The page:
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Pluto's 4th moon found by Hubble


Adrian
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Now that Pluto has moons, what's the feeling that it should be re-classified back to its planet status... how many other objects (asteroids) have other objects orbiting them.

Well the more moons it gets says to me that its in reality a gathering of objects rather than a Planet true.

Do they all have a common center of gravity?

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Now that Pluto has moons, what's the feeling that it should be re-classified back to its planet status... how many other objects (asteroids) have other objects orbiting them.

Umm there are a few documents asteroids I think, don't have the proof to hand.

Well the more moons it gets says to me that its in reality a gathering of objects rather than a Planet true.

Do they all have a common center of gravity?

Yes, Charon and Pluto observed together rotate around a point 1/3 the way between them I think?

Off the top of my drunk head :BangHead:

Edited by Stephen
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Wikipedia

The center of mass (barycenter) of the Pluto–Charon system lies outside either body. Since neither object truly orbits the other, and Charon has 11.6% the mass of Pluto, it has been argued that Charon should be considered to be more than just a satellite of Pluto.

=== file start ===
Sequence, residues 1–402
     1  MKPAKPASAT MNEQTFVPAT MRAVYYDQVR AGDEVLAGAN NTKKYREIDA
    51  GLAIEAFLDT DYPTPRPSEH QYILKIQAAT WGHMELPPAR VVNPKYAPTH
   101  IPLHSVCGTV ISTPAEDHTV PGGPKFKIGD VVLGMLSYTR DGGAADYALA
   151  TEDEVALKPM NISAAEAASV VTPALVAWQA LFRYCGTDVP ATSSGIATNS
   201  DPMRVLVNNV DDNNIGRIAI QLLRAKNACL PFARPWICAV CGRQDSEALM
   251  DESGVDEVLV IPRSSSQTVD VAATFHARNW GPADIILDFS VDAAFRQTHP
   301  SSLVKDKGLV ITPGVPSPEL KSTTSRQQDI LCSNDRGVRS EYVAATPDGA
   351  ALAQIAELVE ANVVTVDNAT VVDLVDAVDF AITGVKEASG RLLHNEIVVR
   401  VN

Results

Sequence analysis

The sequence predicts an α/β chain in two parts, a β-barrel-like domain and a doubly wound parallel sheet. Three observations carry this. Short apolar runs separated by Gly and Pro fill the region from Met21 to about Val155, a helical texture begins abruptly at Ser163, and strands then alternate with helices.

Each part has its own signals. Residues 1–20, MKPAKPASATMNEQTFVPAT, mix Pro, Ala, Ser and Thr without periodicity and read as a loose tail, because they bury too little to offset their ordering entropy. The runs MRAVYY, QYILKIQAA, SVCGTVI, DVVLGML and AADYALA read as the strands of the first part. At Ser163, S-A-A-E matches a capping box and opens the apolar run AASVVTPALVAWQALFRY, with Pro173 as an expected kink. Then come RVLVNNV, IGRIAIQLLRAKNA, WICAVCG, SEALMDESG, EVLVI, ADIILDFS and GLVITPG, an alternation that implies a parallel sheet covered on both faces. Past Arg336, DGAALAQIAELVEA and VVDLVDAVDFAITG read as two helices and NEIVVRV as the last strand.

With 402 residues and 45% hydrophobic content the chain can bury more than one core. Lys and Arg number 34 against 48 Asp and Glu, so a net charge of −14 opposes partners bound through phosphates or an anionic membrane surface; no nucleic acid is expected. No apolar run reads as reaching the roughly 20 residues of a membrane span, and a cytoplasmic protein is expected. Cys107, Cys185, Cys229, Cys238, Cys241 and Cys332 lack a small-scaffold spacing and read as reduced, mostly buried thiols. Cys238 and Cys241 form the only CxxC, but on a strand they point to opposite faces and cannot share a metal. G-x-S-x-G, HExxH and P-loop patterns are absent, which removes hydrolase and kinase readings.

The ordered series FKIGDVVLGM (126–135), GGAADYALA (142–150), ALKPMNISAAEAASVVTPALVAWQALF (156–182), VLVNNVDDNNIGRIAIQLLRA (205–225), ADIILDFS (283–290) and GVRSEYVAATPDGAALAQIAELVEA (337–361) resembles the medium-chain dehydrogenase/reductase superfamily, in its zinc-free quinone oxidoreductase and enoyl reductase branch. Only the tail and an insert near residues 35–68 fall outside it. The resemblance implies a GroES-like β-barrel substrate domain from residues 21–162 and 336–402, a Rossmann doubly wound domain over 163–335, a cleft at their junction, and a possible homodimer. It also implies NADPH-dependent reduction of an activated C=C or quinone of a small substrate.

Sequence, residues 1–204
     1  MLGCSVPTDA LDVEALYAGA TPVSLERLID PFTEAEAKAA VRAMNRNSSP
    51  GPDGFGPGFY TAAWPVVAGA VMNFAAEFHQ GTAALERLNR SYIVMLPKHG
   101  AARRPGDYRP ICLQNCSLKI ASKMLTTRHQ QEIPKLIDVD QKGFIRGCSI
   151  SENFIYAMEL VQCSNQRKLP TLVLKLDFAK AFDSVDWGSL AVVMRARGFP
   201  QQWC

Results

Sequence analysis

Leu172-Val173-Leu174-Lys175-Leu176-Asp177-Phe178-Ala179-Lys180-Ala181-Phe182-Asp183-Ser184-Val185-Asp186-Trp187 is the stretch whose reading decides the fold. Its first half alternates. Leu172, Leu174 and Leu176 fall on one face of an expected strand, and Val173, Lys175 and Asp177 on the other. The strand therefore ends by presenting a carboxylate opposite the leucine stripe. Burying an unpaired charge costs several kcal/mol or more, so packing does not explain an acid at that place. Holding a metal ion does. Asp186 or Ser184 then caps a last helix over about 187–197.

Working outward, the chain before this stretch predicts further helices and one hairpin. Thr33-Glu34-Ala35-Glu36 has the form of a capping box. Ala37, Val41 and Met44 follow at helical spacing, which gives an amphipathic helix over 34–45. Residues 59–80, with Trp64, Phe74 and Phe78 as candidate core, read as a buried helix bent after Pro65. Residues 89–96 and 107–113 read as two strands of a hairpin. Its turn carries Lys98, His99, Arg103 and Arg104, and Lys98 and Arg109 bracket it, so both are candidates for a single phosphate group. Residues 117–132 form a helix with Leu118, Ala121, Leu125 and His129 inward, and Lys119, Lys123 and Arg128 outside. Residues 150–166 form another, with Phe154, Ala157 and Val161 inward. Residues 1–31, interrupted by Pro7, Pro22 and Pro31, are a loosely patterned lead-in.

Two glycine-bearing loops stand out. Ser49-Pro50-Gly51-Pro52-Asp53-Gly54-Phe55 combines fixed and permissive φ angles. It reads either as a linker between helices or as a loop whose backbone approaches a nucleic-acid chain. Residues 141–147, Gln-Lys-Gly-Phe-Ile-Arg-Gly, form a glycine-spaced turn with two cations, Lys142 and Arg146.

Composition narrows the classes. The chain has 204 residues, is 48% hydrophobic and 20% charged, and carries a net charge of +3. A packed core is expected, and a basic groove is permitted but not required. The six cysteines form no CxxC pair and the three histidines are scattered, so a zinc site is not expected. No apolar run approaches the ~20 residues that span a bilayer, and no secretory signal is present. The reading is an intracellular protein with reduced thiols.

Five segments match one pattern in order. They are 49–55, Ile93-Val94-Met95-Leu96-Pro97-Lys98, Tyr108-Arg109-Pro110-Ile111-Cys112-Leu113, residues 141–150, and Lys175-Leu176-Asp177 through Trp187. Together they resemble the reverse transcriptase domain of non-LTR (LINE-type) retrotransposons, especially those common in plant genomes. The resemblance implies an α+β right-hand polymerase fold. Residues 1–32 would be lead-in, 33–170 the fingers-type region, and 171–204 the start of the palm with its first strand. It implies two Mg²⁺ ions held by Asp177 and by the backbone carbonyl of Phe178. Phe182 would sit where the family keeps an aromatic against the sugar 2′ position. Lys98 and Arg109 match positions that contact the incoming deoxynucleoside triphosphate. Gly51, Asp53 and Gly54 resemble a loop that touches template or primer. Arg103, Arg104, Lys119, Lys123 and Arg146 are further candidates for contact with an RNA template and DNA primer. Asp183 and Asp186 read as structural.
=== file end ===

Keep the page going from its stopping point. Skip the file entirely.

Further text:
and .... minor planet moons

http://en.wikipedia.org/wiki/Minor_planet_moon#Main-belt_asteroids

Sorry, I fall on the side of the fence that say Pluto is not a planet :BangHead:

Edited by Stephen
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I remember reading somewhere, that there used to be a theory that Pluto was an escaped satellite of Neptune, which was finally dispelled by the discovery of Charon.

Doesn't stand up, I think. The most telling evidence that Pluto couldn't have been a Neptune (or any planet's) satellite is that the orbits don't come even near intersecting.

As to whether it should be upgraded to 'planet' once more, well does it matter? Remember Romeo and Juliet "a rose by any name..." etc. etc. Pluto is - Pluto, whatever we happen to call it.

Do they all have a common center of gravity?
Not sure what you mean by that. Any collection of massive objects, however they move in relation to each other, have by definition a common centre of gravity (or, more accurately, 'centre of mass'). It's how you define centre of mass.

Or do you mean, do all these objects pursue elliptical orbits around their common centre of mass, as opposed to parabolic or hyperbolic? I imagine that's been established.

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Surely the whole point is that there is a continuum of particles orbiting the Sun, from specks of dust to Jupiter. Pluto is just on one point along this size distribution. Whether or not it is called a 'planet' is completely arbitary thus, this whole 'is it or isn't it a planet' argument is all purely academic.

Personally, because of all the new large objects found in the outer reaches of the solar system, I can see the logic in reclassifying Pluto. It just makes things simpler.

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